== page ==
Materials and Methods
These investigations were approved by the Subcommittee for Research Animal Care of the Massachusetts General Hospital. A total of 78 adult male mice weighing 20–35 g were studied, as listed in table 1and outlined herein. NOS2-deficient mice 20were generously provided by Dr. Carl Nathan. Mice of the same background (F1-generation of the parental strains SV129 and C57 Black/6) were used as wild-type mice. 21
Isolated, Perfused, and Ventilated Mouse Lung Model
Mice were killed by an intraperitoneal injection of pentobarbital sodium (200 mg/kg body weight) and placed in a 37°C water-jacketed chamber (Isolated Perfused Lung Size 1 Type 839; Hugo-Sachs Elektronik, March-Hugstetten, Germany). The trachea was isolated and intubated, and the lungs were ventilated with 21% O2, 6% CO2and 73% N2using a volume-controlled ventilator (model 687; Harvard Apparatus, South Natick, MA) at a ventilatory rate of 85 breaths/min and 2 cm H2O end-expiratory pressure. The tidal volume was adjusted to provide a peak inspiratory pressure of 10 cm H2O throughout each study. The lungs were exposed via a midline sternotomy, and a ligature was placed around the aorticopulmonary outflow tract. After injection of 10 IU heparin into the right ventricle, the pulmonary artery was cannulated with a stainless steel cannula (1 mm ID)via the right ventricle. The pulmonary venous effluent was drained via a stainless steel cannula (1 mm ID) placed through the apex of the left ventricle across the mitral valve and into the left atrium. Left atrial pressure was maintained at 2 mmHg. Lungs were perfused at a constant flow (50 ml · kg body weight−1· min−1; Ismatec Reglo-Analogue roller pump; Laboratoriumstechnik GmbH, Wertheim-Mondfeld, Germany) with a nonrecirculating system at 37°C. The perfusate used was Hanks’ Balanced Salt Solution (GibcoBRL, Grand Island, NY) containing 1.26 mM CaCl2, 5.33 mM KCl, 0.44 mM KH2PO4, 0.50 mM MgCl2, 0.41 mM MgSO4, 138.0 mM NaCl, 4.0 mM NaHCO3, 0.3 mM Na2HPO4, and 5.6 mM glucose. Bovine serum albumin, 5%, and dextran, 5%(both from Sigma Chemical Co., St. Louis, MO), were added to the perfusate to prevent pulmonary edema, as previously described in the isolated, perfused, and ventilated rat lung. 17Indomethacin, 30 mM (Sigma Chemical Co.), and 1 mM L-NAME (Sigma Chemical Co.) were added to the perfusate to inhibit endogenous prostaglandin and NO synthesis, respectively. Sodium bicarbonate was added to adjust the perfusate pH to 7.34–7.43. Lungs were included in this study if they had a homogenous white appearance without signs of hemostasis or atelectasis and showed a stable perfusion pressure less than 10 mmHg during the second 5 min of an initial 10-min baseline perfusion period. Using these two criteria, approximately 15% of lung preparations from each group were discarded before study.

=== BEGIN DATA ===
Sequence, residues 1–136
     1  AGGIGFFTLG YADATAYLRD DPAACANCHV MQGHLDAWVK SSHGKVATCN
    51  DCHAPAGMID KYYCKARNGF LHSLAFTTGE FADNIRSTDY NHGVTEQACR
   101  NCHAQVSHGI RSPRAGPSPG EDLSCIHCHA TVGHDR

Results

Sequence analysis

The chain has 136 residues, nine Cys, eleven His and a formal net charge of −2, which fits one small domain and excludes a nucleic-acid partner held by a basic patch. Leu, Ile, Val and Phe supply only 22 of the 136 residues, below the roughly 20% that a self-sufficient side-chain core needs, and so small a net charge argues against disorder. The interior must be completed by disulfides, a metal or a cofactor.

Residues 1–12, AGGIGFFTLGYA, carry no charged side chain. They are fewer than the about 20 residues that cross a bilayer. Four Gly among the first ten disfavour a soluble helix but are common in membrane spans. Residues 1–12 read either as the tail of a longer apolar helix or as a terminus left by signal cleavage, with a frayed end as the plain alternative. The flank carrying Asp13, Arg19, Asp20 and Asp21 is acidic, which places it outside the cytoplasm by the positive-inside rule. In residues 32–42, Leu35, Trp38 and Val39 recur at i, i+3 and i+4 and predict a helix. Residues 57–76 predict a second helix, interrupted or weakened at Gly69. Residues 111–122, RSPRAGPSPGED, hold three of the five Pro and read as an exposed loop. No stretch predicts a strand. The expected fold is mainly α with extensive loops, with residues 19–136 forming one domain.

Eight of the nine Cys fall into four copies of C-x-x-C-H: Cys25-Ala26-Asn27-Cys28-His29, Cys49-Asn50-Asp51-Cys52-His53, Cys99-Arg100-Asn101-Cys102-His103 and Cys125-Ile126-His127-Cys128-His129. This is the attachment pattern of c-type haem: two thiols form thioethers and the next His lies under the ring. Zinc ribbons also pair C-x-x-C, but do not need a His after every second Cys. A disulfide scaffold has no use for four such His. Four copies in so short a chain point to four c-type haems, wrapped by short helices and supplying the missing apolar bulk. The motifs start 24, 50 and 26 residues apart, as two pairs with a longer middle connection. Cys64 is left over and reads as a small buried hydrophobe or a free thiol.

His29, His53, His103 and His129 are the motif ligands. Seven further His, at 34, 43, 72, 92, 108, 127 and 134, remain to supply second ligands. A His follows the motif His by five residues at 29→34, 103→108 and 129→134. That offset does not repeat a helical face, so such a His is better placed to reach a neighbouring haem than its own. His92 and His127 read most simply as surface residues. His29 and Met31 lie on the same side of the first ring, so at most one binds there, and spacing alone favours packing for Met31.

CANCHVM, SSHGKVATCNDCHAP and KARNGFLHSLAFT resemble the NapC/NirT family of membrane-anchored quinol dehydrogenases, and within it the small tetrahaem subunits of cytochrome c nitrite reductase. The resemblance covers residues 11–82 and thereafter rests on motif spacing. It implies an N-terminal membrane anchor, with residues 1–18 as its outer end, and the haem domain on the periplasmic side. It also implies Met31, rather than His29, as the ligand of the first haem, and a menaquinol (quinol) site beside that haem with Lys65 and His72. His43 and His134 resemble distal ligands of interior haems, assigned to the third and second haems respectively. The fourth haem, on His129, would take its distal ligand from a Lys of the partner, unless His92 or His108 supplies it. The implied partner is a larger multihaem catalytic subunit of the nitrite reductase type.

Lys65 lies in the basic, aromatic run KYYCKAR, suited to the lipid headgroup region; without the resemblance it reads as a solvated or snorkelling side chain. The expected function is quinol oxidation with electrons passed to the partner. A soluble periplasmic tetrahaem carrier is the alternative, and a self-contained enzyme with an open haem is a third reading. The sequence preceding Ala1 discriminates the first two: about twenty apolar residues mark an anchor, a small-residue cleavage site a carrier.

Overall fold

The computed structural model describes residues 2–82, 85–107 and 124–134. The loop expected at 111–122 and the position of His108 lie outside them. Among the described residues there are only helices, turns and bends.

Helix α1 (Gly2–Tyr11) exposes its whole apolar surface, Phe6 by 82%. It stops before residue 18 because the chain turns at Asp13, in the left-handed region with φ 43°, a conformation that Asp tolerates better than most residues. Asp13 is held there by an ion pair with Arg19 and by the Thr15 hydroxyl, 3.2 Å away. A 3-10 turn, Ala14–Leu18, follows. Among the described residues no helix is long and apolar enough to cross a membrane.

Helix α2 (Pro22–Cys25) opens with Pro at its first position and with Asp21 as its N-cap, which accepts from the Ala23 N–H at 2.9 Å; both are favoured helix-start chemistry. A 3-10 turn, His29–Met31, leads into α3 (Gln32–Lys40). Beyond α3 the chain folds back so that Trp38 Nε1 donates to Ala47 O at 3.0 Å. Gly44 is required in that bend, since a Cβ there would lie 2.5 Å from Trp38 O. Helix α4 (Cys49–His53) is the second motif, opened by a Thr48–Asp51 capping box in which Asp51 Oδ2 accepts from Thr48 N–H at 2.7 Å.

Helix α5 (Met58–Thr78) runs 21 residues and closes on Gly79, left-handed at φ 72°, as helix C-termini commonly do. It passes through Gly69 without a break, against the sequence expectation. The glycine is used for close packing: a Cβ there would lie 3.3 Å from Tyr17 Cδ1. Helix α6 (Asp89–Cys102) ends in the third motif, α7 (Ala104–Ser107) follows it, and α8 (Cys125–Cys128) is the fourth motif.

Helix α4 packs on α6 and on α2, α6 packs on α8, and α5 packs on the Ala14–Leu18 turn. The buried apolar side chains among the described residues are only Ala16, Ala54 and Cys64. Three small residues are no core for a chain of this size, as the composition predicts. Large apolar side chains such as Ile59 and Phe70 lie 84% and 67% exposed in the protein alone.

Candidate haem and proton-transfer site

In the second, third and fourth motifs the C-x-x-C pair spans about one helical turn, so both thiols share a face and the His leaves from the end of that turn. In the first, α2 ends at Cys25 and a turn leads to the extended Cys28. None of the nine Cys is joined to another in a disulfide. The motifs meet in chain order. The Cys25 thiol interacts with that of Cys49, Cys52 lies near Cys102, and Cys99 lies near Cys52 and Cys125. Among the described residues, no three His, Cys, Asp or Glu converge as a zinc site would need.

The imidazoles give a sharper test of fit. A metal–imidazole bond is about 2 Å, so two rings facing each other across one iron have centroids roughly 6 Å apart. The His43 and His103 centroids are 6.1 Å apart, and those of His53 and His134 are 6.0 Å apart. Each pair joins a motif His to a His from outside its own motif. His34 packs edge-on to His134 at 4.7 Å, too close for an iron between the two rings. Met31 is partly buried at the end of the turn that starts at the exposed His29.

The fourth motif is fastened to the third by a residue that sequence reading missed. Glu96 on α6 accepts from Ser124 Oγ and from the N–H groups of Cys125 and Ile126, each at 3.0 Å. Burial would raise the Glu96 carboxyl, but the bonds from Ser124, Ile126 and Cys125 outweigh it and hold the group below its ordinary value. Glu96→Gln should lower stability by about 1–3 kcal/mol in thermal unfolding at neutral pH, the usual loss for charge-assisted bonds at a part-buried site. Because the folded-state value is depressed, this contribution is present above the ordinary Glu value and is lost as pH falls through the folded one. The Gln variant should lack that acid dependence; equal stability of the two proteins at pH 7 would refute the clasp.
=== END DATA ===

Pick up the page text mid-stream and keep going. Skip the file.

Pulmonary artery pressure (PAP) and left atrial pressure were measured via saline-filled membrane pressure transducers (Argon, Athens, TX) connected to a side port of the inflow and outflow cannulae, respectively. Airway pressure (Paw) was measured using a differential pressure transducer (model MP-45–32–871; Validyne Engineering Corp., Northridge, CA) connected to the inspiratory limb just before the Y piece. Pressure transducers were connected to a biomedical amplifier (Hewlett Packard 7754B, Andover, MA), and data were recorded at 150 Hz on a personal computer using an analog-to-digital interface with a data acquisition system (DI-220; Dataq Instruments, Akron, OH). The system was calibrated before each experiment.
For NO inhalation, NO gas (800 or 80 ppm NO in nitrogen, Airco, Murray Hill, NJ) was blended (Oxygen Blender; Bird Corporation, Palm Springs, CA) with oxygen, carbon dioxide, and nitrogen to achieve a final concentration of 21% O2, 6% CO2, and the desired NO concentration. NO and higher oxidative states of NO (NOx; CLD 700 AL; Eco Physics, Dürnten, Switzerland), oxygen (Hudson Ventronics Division, Temecula, CA), and carbon dioxide (Datex CO2 monitor; Puritan-Bennett Corporation, Los Angeles, CA) concentrations were monitored continuously.
Pulmonary Vascular Response to Inhaled NO after Lipopolysaccharide Challenge
Wild-type and NOS2-deficient mice were injected intraperitoneally with 50 mg/kg body weight Escherichia coli 0111:B4 lipopolysaccharide (LPS; Difco Laboratories, Detroit, MI) dissolved in saline 16 h before isolated lung perfusion. This time point was chosen based on our previous studies in rats. 17Untreated wild-type and NOS2-deficient mice served as controls.
After an initial 10-min baseline perfusion period, pulmonary vasoconstriction was induced by continuous infusion of the thromboxane A2analog U-46619 (Cayman Chemicals, Ann Arbor, MI). The infusion rate was adjusted to provide a stable increase in PAP of 5 or 6 mmHg. Then, a dose–response curve to inhaled NO was obtained by sequentially ventilating the lungs with 0.4, 4, and 40 ppm NO for 5 min each. After each period of NO ventilation, the PAP was allowed to return to the pre-NO elevated baseline. U-46619 infusion was readjusted if the PAP was not within a range of ± 10% of the pre-NO value at 5 min after discontinuation of NO inhalation. The vasodilator response to inhaled NO (ΔPAP) was measured as the change in PAP produced by inhaled NO (PAP after 5 min of NO inhalation minus PAP pre-NO) as a percentage of the increase in PAP induced by U-46619 (PAP pre-NO minus PAP at initial baseline).